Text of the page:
Can you speak a little bit about your first 3 months... what did you focus on and why?

My first priority was to learn and analyze the business. I met everyone and asked a lot of questions. I was soon able to figure out what was working well and what needed to be fixed. The second priority was to build a new strategic plan and get it socialized to all levels of the company. We did the development of the plan very inclusively with the senior team and really underscored the process for subsequent planning cycles. The third priority was to execute on the key elements of the strategic plan. For us, this included building more maturity into the business in order to scale it for growth. This had been a very entrepreneurially managed company, but if we executed we would need scaling so we introduced processes and systems to make sure this would be possible.

Once you decided what needed to be done, how did you break down what to do first?

We prioritized elements of the plan which were revenue producing or growth related. We needed to get on the right trajectory with some revenue wins. The elements which were more efficiency and profitability related came next.

There was a lot of pressure during this period to spend time meeting the investment community and marketing myself to shareholders and potential shareholders. We have some large institutional shareholders who were keen to meet and talk and analysts who were very keen to understand our new story. For the first three months we put an embargo on investor relations activity so we could focus on the business. Some people were irritated but most understood. The board was very supportive and encouraged me to focus on the business and not the investor community. Even now as a public company CEO, investor relations could be my full-time job however, it is still important to keep attention and focus on the needs of the business first.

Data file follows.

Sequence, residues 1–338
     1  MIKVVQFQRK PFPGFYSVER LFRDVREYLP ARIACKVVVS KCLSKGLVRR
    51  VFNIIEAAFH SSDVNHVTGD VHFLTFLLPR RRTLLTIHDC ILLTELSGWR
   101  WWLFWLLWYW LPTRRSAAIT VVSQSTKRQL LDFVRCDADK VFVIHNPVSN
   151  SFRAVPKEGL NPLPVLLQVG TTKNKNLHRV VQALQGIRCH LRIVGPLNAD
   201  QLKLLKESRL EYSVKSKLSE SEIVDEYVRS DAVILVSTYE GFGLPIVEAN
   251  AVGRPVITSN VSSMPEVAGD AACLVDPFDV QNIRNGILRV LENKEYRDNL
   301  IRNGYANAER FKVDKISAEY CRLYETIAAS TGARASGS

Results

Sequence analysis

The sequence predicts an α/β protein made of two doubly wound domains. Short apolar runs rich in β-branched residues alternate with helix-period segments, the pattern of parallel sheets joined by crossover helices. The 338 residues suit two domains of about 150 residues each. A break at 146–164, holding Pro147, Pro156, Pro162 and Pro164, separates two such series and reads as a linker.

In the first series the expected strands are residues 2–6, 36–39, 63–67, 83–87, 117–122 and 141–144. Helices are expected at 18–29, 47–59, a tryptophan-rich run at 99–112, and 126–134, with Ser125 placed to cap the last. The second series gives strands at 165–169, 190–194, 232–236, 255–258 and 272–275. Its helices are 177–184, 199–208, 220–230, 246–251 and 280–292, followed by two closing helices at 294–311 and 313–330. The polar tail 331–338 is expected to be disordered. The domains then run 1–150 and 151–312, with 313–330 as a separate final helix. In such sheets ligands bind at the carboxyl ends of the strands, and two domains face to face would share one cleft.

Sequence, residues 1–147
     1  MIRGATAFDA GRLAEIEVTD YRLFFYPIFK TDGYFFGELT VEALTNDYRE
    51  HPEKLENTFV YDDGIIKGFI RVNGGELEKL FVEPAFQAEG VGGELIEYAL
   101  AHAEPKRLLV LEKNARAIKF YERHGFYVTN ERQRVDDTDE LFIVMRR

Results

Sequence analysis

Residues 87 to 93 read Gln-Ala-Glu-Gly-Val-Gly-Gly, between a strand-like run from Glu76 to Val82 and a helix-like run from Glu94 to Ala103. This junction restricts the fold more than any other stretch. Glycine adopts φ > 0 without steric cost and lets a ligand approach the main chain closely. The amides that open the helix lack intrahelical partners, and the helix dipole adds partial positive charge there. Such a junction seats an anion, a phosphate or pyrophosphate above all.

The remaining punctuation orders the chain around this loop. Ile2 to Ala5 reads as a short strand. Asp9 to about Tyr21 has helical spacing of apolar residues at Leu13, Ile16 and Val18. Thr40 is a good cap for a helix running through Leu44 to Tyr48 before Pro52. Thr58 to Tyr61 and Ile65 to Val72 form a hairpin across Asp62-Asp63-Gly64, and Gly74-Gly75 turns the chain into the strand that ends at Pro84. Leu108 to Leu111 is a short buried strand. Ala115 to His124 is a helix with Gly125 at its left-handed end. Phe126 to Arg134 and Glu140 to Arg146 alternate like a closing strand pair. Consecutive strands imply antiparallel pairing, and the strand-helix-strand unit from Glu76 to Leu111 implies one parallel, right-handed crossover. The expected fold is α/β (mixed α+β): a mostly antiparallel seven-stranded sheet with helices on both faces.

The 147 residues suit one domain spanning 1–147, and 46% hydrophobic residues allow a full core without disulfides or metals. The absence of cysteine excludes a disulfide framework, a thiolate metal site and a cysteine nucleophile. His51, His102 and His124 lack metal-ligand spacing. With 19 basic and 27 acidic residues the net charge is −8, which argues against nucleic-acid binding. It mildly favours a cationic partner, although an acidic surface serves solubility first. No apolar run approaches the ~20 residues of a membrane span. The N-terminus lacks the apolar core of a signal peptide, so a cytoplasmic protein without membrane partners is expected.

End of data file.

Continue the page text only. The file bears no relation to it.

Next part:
Soon after joining the firm you re-branded it. Why?

It was important that we transitioned the business and really focused on our pure-play GPS applications strategy.

As mentioned earlier, some of the acquisitions had never changed their company names or signs on their buildings and we had employees in those divisions never even changed their business cards. It was more like a collection of businesses than one coherent entity. Re-branding the business was partly a milestone to reflect putting the past behind us. This was as much an internal program as it was an external one, and it really helped to bring the company together under a common banner and to help it deal with some of the location-based multi-culture issues. We now have all the business cards and building signs the same, all the e-mail addresses the same. Some of them are small things but they are very important when trying to bring a company together. We also have people acting in a more aligned fashion. I wouldn't say we are 100% there yet and there are still people that haven't fully embraced the change but there have been huge strides.